Apr 9, 2020 - Economy & Business

Small businesses struggle to get cash

Felix Salmon, author of Edge

Illustration: Sarah Grillo/Axios

The Federal Reserve is pouring trillions of dollars into programs making it easy for big companies to access liquidity on capital markets, and the Fed's new Main Street Lending Program is designed to target medium-sized businesses that need between $1 million and $150 million in marginal new debt. But the state of affairs for small businesses is still bad.

Driving the news: The government has pledged $350 billion, and probably will commit another $250 billion on top of that, for small businesses to keep their employees on payroll. But the program got off to a very rocky start, and it's still extremely rare to find businesses that have actually received any funds.

Why it matters: Small businesses are the most fragile part of the economy — and the hardest to rebuild. They don't have the wherewithal to be able to service extra debt, so they need loans like these that are designed to be forgiven. The scheme to help them keep their employees on payroll is however proving to be extremely complex, with a lot of moving parts that are prone to breaking.

  • How it works: Small businesses need to apply to banks (as non-bank lenders generally cannot participate). Banks, in turn, are overwhelmed and barely capable of serving their existing small business clients. They generally have no bandwidth to go through the laborious process of onboarding new clients. So businesses first need to be lucky in terms of which bank they have a relationship with.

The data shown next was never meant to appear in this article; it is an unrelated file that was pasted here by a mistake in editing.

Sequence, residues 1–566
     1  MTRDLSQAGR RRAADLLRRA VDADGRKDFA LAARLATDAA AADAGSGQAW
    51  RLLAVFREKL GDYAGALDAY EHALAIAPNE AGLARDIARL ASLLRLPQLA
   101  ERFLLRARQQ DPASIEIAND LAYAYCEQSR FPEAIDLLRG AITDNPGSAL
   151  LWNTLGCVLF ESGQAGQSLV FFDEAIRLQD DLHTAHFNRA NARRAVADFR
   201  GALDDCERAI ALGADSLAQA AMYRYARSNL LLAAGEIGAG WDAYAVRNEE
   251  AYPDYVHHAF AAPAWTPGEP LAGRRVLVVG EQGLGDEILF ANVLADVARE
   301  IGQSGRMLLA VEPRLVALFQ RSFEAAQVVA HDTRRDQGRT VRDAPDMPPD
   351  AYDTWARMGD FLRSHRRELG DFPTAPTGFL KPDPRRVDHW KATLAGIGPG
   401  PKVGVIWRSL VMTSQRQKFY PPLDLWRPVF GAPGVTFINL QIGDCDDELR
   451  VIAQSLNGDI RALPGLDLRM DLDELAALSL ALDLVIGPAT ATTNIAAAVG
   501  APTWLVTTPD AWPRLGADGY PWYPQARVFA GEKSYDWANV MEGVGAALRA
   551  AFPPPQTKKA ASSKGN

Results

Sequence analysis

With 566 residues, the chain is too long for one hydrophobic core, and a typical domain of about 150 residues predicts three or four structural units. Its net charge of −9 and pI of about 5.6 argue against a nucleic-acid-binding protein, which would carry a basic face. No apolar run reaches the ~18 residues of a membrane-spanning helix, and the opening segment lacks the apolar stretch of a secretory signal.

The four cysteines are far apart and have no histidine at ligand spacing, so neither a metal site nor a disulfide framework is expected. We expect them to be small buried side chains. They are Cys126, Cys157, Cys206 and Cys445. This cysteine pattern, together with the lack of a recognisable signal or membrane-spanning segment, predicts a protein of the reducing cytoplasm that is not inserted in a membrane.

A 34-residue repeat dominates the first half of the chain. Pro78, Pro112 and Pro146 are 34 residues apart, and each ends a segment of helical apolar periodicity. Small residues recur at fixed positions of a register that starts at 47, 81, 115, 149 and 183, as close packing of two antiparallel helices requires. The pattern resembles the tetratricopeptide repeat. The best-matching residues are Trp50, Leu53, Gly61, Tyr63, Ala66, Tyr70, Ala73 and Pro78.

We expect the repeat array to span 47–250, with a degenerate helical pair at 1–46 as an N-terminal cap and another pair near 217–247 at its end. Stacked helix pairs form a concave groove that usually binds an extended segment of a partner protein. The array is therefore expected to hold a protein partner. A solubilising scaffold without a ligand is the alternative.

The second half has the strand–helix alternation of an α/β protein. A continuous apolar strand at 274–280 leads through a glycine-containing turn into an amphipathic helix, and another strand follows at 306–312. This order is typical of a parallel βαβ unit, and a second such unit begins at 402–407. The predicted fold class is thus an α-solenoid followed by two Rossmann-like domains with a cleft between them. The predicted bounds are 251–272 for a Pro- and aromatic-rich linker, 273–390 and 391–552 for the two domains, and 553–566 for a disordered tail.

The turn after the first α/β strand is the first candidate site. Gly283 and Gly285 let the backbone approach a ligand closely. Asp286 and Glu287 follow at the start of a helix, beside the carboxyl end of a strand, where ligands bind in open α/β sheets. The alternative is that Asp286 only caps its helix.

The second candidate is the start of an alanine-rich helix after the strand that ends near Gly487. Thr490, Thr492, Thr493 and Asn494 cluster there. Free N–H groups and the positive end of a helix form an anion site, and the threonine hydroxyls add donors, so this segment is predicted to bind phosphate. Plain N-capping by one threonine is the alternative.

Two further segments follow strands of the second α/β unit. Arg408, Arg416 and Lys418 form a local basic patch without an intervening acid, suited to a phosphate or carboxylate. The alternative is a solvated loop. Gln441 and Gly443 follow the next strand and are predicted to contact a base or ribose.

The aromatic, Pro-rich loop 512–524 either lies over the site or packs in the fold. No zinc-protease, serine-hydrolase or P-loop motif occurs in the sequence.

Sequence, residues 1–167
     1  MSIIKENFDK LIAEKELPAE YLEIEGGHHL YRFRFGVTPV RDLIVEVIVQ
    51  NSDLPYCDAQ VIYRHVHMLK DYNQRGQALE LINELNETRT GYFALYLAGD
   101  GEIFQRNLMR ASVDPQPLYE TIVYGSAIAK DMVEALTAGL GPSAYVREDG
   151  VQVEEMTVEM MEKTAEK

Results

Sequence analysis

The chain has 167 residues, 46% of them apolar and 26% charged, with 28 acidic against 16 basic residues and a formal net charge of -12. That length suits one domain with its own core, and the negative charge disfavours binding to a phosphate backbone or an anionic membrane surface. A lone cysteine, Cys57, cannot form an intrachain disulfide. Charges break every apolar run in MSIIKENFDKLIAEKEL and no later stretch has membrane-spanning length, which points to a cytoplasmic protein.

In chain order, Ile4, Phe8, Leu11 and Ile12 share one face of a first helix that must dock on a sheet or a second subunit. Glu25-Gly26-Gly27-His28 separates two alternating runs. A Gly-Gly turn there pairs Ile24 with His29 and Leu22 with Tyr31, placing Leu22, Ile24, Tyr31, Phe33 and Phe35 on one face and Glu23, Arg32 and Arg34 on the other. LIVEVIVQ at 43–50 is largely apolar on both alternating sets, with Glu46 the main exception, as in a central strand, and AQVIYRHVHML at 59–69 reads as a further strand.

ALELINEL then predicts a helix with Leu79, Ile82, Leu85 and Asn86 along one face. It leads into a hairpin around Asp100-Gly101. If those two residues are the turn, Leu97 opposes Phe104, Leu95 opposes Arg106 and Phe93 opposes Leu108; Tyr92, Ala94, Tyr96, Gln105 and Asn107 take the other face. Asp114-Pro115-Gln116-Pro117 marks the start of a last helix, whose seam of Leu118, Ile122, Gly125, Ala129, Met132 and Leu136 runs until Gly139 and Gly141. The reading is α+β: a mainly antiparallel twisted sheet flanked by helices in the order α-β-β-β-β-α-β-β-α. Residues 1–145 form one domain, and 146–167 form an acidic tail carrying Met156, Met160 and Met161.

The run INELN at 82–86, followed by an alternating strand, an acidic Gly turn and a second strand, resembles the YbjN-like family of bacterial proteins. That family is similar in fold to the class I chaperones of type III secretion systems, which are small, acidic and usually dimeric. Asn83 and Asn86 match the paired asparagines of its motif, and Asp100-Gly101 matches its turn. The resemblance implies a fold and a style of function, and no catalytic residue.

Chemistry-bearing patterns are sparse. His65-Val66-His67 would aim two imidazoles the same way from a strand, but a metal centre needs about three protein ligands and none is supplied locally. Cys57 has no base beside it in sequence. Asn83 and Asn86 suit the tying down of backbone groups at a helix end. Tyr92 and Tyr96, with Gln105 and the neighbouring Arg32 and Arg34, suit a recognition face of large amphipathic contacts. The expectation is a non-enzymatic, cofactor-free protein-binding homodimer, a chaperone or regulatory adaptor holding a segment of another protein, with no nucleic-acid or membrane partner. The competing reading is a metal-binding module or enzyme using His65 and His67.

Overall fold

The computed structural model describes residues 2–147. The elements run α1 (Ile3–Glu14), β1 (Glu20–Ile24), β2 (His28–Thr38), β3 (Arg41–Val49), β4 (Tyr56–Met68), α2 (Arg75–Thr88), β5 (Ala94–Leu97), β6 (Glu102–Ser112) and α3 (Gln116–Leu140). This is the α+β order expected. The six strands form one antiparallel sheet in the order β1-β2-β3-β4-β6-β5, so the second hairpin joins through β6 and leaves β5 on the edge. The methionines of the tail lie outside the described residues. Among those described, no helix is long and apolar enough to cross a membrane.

• The banks will then ask the businesses for a huge amount of documentation, which may not be easily available to owners who are stuck at home. The banks' websites for uploading that documentation have been crashing a lot, since the banks had almost no time to build and debug them.
  • The documentation then needs to be uploaded by the banks to the Small Business Administration, through an outdated system called E-Tran that is also creaking under the strain.
  • Then the SBA needs to approve the loan. No one really knows how long that's likely to take, on average, since the SBA has never dealt with anything like this magnitude of applications.
  • Once the loan is approved, the bank will contact the borrower to finalize the paperwork, which again takes time.

Context: In New Zealand, a similar scheme is getting money into applicants' accounts within a day or two, and with almost no hassle. In Switzerland, small businesses can find themselves funded in as little as 30 minutes.

  • Private-sector actors like Appian have built products that automate much of the process for banks, and Appian CEO Matt Calkins tells Axios that at least one major international bank is using his product to do exactly that. But that doesn't solve problems at the SBA end.

The bottom line: The Paycheck Protection Plan application process is "like an Easter Egg hunt with the most sinister possible Bunny who hid the eggs," tweeted venture capitalist Alex Rampell. Nearly all American small businesses are theoretically eligible for this scheme. But it seems probable that many of them will end up empty-handed, through no fault of their own.

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